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August 1992, Vol. 115, No. 8
Evaluating the 1990 projections of occupational employment
Neal H. Rosenthal
The Bureau of Labor Statistics occupational projections are a valuable resource for counselors, students, and others concerned with the future occupational composition of the U.S. labor force. The development of these projections requires careful analysis of large amounts of data to identify occupational employment trends and the factors causing them, and to determine a likely course for those trends in the future.
However, there is inherent uncertainty in any projection. Consequently, BLS periodically evaluates the results of past projections to gauge how well the projections tracked against actual occupational employment change. This process provides users of occupational projections with information about the accuracy of projections of the future growth of occupations that may be valuable in career decision making, education planning, and other endeavors. In addition, analysts developing projections gain insight into the process that resulted in errors or accurate projections that can be used in the development of future projections. Thus, BLS considers evaluation to be an important stage of the projections program.
The last BLS occupational projections to be formally evaluated were the projections to 1980 from a base year of 1970.1 The projections to 1985 were not evaluated because they were based on the 1970 census occupational classification system, which was so different from the classification system in use in 1985 that the projected and actual data were not comparable. The projections for the period 1978-90 also were not evaluated because they were not used in any edition of the BLS Occupational Outlook Handbook and, as indicated below, assessing information presented in the Handbook is an important aspect of the evaluation. However, projected 1990 employment in the 1978-90 set of projections2 was nearly identical to the 1980-90 projections evaluated in this article. Consequently, the evaluation of those projections would be virtually the same as that presented here, because the differences between projected and actual 1990 employment were used as the basic measure of accuracy.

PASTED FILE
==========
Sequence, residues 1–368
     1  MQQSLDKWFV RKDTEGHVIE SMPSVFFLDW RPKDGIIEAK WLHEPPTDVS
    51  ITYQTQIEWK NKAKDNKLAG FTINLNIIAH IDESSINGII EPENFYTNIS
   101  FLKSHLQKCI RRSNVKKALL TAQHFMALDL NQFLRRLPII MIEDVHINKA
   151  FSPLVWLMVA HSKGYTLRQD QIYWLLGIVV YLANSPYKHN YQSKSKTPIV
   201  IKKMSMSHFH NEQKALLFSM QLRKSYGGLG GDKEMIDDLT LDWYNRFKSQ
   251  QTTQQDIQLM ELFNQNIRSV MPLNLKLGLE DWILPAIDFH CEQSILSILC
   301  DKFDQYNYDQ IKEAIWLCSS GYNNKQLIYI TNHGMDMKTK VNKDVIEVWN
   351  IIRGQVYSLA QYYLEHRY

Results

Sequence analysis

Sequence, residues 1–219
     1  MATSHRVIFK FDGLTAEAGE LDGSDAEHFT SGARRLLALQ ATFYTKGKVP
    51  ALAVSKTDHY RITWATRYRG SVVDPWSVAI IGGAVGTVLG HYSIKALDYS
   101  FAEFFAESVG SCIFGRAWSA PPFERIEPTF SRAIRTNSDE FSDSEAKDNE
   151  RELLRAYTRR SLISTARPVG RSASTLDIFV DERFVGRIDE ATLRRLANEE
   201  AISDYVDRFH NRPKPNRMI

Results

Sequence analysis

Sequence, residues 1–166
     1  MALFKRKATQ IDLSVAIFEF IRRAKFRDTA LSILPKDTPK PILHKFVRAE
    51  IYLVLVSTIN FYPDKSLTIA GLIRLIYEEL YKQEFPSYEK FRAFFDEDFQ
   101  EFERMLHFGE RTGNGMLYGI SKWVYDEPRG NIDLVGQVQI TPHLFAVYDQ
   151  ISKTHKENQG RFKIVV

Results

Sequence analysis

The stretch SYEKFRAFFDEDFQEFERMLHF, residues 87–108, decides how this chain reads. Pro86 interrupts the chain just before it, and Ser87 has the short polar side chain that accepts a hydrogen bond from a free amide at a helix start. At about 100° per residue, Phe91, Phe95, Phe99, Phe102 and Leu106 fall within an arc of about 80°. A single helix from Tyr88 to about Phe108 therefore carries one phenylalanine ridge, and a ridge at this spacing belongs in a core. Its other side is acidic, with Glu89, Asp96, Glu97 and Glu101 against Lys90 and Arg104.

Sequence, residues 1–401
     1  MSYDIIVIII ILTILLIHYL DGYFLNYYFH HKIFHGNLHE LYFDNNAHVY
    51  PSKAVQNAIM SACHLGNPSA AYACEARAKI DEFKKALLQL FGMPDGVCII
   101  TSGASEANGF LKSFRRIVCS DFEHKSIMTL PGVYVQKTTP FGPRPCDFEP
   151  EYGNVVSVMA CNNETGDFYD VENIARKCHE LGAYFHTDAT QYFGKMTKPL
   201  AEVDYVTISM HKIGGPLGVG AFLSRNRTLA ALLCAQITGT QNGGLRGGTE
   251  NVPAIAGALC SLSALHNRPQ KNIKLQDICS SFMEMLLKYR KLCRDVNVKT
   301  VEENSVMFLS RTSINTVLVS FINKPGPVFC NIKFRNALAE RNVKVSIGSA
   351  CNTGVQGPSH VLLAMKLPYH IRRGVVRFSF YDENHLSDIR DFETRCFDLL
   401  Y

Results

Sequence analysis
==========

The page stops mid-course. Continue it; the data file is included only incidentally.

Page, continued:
This excerpt is from an article published in the August 1992 issue of the Monthly Labor Review. The full text of the article is available in Adobe Acrobat's Portable Document Format (PDF). See How to view a PDF file for more information.
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1 See Max L. Carey and Kevin Kasunic, "Evaluating the 1980 projections of occupational employment," Monthly Labor Review, July 1982, pp. 22-30.
2 Two sets of 1978-90 projections were developed. One set was based on occupational staffing patterns from the 1970 census, and the other, on occupational staffing patterns from the Occupational Employment Statistics survey. The latter were not used in any edition of the Occupational Outlook Handbook. The former were used in the 1980-81 edition of the Handbook, but the occupational classification is not comparable to that used in 1990.
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